A charity is hoping to host “retreats” at a 19th century gothic mansion in Feltar where visitors can learn about Shetland culture, including textiles and music.
The Brough Lodge Trust has announced plans to create high quality accommodation within the category A listed building, which has been disused since the 1980s.
It welcomed a £10,000 Shetland Community Benefit Fund grant, which be used to create an outline design and 3D model for a promotional video’ to attract the investment necessary to complete the project.
The trust also runs the ShetlandPeerieMakkers project, which provides hand-knitting tuition for bairns in Shetland schools.
Although it’s currently suspended due to Covid restrictions, the trust hopes sessions can resume later this year.
It hopes to use surplus funds generated from the retreats to support the PeerieMakkers project as well as the restoration and maintenance of Brough Lodge.
Brough Lodge Trust chairman, Pierre Cambillard, said: “We’re delighted to have been awarded this funding and I want to thank the Community Benefit Fund and Fetlar Community Council for supporting the project.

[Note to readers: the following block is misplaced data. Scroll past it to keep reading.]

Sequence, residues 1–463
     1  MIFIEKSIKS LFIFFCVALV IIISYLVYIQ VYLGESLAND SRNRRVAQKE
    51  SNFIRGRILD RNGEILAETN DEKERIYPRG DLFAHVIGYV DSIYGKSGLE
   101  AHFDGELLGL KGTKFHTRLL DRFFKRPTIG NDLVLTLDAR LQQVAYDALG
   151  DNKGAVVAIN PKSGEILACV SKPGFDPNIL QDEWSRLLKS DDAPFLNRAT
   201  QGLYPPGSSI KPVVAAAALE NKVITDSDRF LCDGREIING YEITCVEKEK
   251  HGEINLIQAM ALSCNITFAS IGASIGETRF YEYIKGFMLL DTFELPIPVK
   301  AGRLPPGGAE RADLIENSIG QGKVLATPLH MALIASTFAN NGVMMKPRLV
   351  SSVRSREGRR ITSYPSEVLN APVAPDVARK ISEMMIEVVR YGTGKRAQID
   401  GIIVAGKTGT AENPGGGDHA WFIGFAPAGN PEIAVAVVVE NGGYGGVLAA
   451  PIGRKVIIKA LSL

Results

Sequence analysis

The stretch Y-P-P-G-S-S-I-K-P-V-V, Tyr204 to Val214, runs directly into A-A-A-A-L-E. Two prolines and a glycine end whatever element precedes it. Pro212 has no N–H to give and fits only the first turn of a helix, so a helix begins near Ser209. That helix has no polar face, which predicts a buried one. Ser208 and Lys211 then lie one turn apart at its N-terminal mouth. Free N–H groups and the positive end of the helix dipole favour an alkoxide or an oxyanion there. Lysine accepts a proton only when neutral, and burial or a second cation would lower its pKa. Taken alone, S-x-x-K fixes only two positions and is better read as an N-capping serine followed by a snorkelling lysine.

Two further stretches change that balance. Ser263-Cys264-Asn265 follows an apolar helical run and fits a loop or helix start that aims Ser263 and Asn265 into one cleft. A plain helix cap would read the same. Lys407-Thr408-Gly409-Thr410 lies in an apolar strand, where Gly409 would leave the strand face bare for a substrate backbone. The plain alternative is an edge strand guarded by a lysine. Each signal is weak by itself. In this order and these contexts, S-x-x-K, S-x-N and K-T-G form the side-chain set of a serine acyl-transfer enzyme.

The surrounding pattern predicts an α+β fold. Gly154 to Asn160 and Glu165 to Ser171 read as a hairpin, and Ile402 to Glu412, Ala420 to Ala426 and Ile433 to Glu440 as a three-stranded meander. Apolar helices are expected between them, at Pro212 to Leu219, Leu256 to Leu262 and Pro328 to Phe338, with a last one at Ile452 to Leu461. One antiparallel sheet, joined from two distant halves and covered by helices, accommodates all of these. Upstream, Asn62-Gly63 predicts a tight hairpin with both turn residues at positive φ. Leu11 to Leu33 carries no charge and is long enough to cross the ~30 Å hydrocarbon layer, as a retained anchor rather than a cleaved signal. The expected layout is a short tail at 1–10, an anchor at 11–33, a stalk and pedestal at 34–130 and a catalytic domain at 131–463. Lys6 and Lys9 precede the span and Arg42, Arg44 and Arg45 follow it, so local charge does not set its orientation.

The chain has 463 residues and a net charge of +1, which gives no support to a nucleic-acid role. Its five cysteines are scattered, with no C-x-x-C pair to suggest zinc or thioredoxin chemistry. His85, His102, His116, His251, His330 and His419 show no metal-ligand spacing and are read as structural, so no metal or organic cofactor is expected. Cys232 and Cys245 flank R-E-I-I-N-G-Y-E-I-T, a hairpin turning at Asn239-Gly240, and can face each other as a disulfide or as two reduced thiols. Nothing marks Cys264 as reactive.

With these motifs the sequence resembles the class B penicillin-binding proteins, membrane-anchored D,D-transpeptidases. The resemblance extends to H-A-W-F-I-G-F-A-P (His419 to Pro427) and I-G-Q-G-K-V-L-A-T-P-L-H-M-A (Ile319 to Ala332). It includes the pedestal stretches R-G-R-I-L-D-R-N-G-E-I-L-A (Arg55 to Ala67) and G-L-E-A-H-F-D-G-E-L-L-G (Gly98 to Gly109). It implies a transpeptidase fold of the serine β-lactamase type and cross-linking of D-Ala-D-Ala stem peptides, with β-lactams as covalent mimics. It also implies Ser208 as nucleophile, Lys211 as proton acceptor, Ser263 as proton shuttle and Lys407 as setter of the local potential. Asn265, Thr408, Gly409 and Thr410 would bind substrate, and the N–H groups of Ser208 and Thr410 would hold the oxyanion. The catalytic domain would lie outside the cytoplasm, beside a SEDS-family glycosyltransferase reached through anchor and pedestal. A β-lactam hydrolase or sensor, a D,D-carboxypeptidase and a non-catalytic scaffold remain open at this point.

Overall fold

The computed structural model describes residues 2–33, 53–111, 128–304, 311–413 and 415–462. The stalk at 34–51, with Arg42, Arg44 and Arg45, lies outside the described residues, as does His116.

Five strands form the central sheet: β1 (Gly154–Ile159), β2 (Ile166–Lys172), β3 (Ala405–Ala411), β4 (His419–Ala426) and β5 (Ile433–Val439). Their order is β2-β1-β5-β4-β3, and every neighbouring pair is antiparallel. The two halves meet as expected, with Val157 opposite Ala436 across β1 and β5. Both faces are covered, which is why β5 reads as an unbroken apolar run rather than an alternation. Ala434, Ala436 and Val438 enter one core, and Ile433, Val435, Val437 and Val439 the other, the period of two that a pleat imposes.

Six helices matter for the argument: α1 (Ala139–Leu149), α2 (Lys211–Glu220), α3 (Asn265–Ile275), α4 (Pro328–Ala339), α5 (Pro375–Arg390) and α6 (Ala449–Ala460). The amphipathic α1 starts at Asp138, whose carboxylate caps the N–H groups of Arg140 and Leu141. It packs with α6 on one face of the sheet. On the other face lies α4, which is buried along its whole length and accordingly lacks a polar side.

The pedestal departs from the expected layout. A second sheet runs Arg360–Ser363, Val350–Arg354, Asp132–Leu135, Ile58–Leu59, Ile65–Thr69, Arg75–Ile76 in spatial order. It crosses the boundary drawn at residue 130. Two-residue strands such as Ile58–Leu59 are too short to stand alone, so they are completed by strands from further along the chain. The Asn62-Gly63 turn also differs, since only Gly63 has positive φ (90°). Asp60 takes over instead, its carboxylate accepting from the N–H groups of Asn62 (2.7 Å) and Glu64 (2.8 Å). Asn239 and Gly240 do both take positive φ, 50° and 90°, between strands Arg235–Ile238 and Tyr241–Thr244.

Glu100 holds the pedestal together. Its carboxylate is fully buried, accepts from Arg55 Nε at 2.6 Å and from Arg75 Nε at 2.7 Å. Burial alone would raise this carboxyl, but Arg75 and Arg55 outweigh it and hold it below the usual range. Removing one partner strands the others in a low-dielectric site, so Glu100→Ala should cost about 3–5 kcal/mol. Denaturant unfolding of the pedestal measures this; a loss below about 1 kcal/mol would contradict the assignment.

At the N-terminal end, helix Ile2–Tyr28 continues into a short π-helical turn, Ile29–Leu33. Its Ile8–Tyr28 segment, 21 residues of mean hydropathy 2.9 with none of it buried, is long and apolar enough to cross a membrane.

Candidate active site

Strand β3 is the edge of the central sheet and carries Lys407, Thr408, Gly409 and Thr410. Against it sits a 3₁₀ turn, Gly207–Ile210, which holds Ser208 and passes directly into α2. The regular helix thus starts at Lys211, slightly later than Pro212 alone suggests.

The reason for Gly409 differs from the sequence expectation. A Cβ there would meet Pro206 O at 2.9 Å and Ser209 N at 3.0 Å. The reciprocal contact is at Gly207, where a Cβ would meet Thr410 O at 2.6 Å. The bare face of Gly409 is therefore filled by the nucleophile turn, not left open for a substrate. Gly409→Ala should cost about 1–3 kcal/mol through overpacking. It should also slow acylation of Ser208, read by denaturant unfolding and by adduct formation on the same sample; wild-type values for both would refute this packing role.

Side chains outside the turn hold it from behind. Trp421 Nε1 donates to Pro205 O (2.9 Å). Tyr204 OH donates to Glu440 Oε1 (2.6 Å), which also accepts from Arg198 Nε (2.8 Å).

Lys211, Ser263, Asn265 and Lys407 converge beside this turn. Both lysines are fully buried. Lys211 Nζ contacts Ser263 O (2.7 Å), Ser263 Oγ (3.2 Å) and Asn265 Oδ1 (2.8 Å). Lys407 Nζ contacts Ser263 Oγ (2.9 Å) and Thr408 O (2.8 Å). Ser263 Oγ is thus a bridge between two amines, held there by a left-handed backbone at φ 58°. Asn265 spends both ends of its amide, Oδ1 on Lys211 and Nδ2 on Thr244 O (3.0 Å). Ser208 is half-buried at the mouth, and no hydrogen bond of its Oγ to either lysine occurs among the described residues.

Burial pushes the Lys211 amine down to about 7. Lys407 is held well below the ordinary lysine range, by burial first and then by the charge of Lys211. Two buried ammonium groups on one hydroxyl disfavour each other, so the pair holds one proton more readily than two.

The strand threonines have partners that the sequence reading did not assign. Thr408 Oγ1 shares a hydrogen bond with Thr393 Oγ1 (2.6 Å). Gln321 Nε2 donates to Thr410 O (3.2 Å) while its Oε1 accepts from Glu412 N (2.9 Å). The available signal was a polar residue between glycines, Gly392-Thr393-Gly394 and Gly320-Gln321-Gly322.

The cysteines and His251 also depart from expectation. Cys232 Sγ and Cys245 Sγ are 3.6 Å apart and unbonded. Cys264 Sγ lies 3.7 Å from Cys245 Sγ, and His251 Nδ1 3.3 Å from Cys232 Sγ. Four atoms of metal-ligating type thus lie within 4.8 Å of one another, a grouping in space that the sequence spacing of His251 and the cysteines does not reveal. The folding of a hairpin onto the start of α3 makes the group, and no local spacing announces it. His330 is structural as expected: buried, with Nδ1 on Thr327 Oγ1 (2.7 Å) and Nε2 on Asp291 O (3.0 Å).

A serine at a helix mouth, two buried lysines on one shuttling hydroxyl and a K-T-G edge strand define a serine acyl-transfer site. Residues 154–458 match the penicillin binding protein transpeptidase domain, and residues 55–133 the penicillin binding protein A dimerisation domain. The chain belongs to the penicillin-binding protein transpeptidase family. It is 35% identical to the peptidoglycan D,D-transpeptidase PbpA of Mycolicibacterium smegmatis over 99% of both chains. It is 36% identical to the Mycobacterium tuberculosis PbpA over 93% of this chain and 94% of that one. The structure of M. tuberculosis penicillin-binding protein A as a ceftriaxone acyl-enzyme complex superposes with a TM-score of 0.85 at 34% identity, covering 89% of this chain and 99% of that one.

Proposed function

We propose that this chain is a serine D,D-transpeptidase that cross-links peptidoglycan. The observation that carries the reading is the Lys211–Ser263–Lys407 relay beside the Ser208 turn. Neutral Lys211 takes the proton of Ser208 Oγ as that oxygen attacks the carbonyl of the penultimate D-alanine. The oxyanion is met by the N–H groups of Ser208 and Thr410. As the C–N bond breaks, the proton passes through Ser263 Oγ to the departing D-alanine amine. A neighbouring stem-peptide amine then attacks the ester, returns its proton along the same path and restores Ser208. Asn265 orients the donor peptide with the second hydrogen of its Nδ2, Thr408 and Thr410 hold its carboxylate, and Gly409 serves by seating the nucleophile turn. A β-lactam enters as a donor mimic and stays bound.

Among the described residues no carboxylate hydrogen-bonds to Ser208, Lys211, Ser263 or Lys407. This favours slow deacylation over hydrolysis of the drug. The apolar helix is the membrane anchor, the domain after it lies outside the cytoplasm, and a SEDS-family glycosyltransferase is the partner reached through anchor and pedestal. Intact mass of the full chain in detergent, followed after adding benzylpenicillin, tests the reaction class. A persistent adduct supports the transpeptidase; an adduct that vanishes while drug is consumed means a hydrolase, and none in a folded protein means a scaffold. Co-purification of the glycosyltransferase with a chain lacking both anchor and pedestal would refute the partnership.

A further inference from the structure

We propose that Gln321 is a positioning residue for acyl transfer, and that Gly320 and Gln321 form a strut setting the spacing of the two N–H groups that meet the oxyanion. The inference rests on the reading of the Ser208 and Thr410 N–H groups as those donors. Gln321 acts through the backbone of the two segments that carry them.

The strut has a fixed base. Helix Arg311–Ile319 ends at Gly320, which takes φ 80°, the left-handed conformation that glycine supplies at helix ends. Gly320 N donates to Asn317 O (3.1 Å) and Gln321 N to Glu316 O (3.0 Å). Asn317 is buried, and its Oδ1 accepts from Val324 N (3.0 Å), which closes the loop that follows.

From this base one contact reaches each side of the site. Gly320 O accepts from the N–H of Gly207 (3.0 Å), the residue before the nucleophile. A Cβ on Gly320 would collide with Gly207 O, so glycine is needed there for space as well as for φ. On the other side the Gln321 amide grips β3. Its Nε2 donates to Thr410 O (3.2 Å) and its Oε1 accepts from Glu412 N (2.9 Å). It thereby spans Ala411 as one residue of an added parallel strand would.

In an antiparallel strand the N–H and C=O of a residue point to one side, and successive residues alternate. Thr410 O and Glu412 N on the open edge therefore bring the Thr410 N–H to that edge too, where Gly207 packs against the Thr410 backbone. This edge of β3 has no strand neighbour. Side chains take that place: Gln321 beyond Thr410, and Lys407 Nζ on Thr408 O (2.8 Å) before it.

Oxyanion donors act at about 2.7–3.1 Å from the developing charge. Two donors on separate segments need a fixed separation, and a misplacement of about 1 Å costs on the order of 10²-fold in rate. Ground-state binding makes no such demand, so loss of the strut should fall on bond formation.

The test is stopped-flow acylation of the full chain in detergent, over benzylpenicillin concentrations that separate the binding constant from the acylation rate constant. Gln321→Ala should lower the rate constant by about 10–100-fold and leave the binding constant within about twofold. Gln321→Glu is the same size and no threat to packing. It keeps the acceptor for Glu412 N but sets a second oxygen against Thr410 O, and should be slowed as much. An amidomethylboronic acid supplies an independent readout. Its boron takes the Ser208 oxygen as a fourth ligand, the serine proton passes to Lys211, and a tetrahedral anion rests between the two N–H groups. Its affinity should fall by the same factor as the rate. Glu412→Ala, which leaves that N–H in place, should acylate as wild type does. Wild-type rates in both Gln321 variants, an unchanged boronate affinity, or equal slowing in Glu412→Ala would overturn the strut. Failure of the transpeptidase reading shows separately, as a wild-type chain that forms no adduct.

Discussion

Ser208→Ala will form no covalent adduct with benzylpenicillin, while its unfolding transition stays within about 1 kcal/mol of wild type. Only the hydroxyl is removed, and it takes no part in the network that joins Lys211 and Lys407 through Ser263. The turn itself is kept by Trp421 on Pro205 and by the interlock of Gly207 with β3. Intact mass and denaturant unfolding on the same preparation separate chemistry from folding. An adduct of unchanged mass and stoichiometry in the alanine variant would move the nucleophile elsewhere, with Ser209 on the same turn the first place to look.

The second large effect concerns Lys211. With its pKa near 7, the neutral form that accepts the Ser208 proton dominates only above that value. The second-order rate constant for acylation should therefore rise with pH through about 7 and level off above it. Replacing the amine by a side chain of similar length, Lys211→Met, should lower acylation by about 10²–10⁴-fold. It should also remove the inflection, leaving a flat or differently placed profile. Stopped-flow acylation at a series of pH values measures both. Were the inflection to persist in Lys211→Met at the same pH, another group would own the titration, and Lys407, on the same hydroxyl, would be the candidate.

“We have also been successful in attracting sponsorship from NorDan, the manufacturer of high-performance windows and doors, for which we are also very grateful.”
Mr Cambillard said he was hopeful the project could attract further investment, as he believed it would bring “real benefit not only to Fetlar but more widely to Shetland.”
He said there was strong international interest in Shetland’s culture, especially knitting, highlighting the “extraordinary impact” of the amenity trust’s Shetland Wool Week.
“We have traditions that are distinctive and are part of Shetland’s identity,” he added.
“This project can not only help sustain them but also create much-needed employment.
“Fostering interest in our heritage and nurturing creativity go hand in hand with building a stronger and more diverse economy.”